Years later came Napster and MP3 players and online stations. Pretty much nothing has been the same. The other day I was at Best Buy with a much younger coworker who called me “Old School” for buying a CD. And why is it that millenials can’t even remember the name of songs anymore? Even the good ones. They just listen and dispose of music like a pair of socks. I grew up memorizing lyrics and trying to figure out what they meant. I would buy an album for the one song and make myself listen and appreciate the rest... because $20!

I think a lot of my inspiration as a writer comes from music. Something I like to do is to go back and listen to the music from a specific period in my life. It helps me reconnect with who I was then and refreshes my perspective on how the world has changed. If you haven’t done it, try it. Make time to take in the songs, create YouTube playlists and keep going back to them. Here’s the playlist I created from my grad school days in Boulder, Colorado (2003-2006). Can't believe it's been 11 years.

Illustration by Evgeni.

Sixteen Microactions to Propel Female Creatives

It’s not about the amount of work or the late nights. What really stresses women in the creative industry is “being forced to do a job in a way that doesn’t feel natural to them.” It’s about having to work with people who have a hard time understanding their principles and perspectives, and it’s about the struggle to make sure they are included and their voices heard.

This was one of many popular preconceptions debunked by Cindy Gallop during her presentation on Thursday for IPG’s Women’s Leadership Network relaunch. She’s the founder & CEO of If we ran the world and Make love not porn and has decades of experience as a creative, advertising consultant and advocate. Needless to say, she’s a pretty tough leader. “I like to blow shit up,” she says. “I’m the Michael Bay of business.”

Gallop was brought by IPG as a guiding force to inspire women to continue fighting for gender equality and career opportunities. She believes that women and minorities are the driver of innovation for agencies, and that they should be empowered to explore their potential and help bring more business.

While it’s commonly believed that there are not enough women candidates or that their portfolio is not up to par, she says that diversity is truly what helps raise the bar. “Men are usually hired based on potential, while women are hired on proof. They’re simply not given a chance.”

For over an hour, she went over all of the myths that exist in the industry and provided a series of actions that women and minorities can immediately take to create a better future for themselves and help change the current environment for everyone.

Here’s her advice:

1. Say what you think. Own it and claim it. If you need time to formulate your thoughts, make sure you set some time with the parties involved to voice your opinion.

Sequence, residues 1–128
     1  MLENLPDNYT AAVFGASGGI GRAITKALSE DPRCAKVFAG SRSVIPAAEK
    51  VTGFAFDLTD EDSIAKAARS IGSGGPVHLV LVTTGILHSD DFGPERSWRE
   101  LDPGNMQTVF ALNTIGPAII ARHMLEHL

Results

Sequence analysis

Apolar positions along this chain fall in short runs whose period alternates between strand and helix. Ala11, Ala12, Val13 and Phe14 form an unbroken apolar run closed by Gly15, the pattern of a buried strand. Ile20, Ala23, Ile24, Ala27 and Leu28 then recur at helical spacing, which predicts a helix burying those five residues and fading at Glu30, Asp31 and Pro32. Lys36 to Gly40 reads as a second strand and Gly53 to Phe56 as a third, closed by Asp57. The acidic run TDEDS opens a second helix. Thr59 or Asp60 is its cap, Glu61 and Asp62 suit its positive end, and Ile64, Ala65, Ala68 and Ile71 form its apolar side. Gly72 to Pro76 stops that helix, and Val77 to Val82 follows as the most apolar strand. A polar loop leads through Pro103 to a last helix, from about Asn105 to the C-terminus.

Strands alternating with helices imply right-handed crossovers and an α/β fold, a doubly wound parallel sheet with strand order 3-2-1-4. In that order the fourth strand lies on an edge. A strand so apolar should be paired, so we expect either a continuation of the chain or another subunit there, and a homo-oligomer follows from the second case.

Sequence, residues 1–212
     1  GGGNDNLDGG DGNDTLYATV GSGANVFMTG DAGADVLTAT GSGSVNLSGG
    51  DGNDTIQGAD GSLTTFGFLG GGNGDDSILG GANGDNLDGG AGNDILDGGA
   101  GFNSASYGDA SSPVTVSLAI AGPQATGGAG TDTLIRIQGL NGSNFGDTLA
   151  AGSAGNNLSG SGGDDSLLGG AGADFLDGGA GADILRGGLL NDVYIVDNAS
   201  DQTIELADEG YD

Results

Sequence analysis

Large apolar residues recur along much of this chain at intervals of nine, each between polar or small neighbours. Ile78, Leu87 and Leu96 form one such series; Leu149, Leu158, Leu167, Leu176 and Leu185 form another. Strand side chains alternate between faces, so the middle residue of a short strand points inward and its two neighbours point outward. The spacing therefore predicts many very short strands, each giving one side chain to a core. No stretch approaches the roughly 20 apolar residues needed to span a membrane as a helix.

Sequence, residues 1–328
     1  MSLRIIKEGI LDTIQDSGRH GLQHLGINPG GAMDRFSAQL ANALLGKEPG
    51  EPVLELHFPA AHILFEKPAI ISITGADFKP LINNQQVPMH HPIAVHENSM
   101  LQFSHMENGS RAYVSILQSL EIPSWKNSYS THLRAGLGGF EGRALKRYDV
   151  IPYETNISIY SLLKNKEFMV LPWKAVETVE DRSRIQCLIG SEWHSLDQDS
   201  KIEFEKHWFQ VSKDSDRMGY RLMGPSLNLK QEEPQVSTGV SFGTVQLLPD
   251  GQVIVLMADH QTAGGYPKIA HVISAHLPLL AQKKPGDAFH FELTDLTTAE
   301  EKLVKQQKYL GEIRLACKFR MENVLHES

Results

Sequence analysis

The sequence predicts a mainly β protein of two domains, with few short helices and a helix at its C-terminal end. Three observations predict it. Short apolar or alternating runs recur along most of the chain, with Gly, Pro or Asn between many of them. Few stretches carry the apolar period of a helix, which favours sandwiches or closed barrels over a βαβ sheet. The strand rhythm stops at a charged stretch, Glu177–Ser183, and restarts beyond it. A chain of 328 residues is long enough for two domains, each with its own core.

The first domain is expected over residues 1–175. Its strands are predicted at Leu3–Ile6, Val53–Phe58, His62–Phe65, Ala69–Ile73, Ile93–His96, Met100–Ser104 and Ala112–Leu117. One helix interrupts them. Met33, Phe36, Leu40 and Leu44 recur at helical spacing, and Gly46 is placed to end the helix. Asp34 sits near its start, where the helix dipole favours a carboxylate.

2. State your ambition. Make sure everybody knows where you want to go. Think about what your path looks like and make sure you communicate your goals.

3. Create a paper trail. Have a voice, comment on issues, let your values and dreams be known.

4. Take up more space. Make sure you sit where people can hear you. Be present where you can. And if you're always busy, your space should reflect it.

5. Understand how your company makes money and recommend how to make more money. For example, if women are the biggest consumer group, who better to recommend how to sell something to them than another woman.

6. Be your own filter. Start by defining what you don’t like or believe in, so you can better understand your beliefs and who you are as a creative.

7. Say yes. Say no. Offer yourself to participate in interesting projects that help you grow, and stop doing little things that makes everyone’s life easier but your own.

8. Make decisions visibly. Express your thinking behind projects and make sure people know what you are working on. Promote your talent and how you impact the agency.

9. Make shit happen. Take initiative, do things well, add value, become a resource.

10. Call out barriers. If there are attitudes or barriers that slow you down or unable you to have equal participation, call it out.

11. Volunteer to be tested. If you want to get experience in a particular area, ask for an opportunity to be tested. Get feedback and push forward.

12. Dress for presence. Do not dress as people expect you to dress. Dress to express who you are, to be comfortable and feel confident.

13. Build your own personal brand. People are bound to Google you. Build a personal site where you can state who you are and what your passion is. Provide value, insights. Identify what you want to bring to the table and offer something the industry is missing.

14. Make lots of money. Help create an environment where women can get paid what they are worth. Have an investment mindset and help support other women around you.

15. Find champions, not mentors. You don’t need people who listen to your challenges, but people who challenge you and help change your path.

16. Help change the numbers fast. Push forward to create a better environment for yourself and other women. Help create a workplace that reflects the world around us.